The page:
Portsmouth Naval Shipyard to add 350 jobs

To help handle an increasing workload, the Portsmouth Naval Shipyard will be adding 350 jobs this year, Navy Times reported. This decision comes from the shipyard's new commander Captain David Hunt, who wants all three of the country's oldest operating navy shipyard dry docks to handle Virginia-class submarines, something only two are capable of right now.

Later this year, construction will begin to build barracks for sailors to stay in while their submarines are being repaired, serviced and overhauled. 

According to Seacoast Online, Hunt's future plans for the shipyard have fueled the need for a workforce expansion. Currently, 5,400 workers are employed there.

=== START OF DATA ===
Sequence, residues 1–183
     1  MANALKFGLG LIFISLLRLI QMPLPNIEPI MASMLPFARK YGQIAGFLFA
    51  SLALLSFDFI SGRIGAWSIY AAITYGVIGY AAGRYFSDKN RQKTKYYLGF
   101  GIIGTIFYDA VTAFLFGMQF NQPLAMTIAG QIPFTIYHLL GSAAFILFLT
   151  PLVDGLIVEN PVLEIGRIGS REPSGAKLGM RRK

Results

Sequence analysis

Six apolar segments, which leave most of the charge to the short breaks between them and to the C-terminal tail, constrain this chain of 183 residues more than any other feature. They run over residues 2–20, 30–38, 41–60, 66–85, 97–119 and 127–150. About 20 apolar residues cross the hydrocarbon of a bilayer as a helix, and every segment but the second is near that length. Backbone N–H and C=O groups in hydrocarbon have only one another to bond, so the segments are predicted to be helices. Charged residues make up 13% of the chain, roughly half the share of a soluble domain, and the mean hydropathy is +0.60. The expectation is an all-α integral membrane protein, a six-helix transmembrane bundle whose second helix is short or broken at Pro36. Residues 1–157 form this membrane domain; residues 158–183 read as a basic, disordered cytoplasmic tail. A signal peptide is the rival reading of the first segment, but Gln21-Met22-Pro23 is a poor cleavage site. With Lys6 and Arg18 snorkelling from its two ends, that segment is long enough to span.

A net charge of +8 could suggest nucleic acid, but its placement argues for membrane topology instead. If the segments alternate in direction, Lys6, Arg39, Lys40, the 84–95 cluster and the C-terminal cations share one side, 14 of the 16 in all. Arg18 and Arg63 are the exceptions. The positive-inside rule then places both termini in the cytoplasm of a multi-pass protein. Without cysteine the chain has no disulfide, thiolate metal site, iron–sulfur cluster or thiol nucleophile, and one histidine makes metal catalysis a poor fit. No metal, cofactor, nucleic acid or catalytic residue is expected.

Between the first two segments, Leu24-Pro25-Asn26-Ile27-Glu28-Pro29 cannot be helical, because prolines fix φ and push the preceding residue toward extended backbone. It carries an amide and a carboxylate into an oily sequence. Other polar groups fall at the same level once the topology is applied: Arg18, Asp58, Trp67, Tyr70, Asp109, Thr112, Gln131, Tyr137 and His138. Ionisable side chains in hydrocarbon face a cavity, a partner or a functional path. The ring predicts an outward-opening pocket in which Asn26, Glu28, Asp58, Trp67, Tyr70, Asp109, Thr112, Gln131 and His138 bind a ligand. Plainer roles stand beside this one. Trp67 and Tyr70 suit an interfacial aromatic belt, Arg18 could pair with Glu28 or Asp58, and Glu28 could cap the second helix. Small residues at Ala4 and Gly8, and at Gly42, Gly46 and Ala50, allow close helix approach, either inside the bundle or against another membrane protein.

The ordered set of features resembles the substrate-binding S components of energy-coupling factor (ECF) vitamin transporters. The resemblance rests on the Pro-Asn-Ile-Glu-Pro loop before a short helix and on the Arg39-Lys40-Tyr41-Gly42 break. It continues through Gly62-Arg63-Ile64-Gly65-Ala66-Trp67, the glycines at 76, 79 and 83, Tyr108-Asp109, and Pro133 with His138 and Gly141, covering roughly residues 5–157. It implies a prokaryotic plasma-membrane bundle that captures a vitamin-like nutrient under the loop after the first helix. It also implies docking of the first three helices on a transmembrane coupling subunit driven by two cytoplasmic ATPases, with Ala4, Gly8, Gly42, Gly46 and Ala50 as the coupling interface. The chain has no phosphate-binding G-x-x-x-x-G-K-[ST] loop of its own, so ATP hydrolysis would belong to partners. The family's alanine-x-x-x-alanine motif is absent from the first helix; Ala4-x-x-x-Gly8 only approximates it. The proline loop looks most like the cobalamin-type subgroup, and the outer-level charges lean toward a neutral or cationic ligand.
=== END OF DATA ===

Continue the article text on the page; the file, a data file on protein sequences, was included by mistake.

"We have to set the stage to be a three-dock capability shipyard," Hunt said, Seacoast Online reported. "That groundwork will be done during my tour here to set the shipyard up for the future."

The source added that the first step in preparing for a Virginia-class capable dry dock is a $7.2 million construction of a super flood basin. Furthermore, also included in the shipyard modernization are plans to upgrade piping and sheet metals shops, build a new blast and paint facility, upgrade utilities and develop a medical clinic. 

To help handle an increasing workload, the Portsmouth Naval Shipyard in Maine will be adding 350 jobs this year.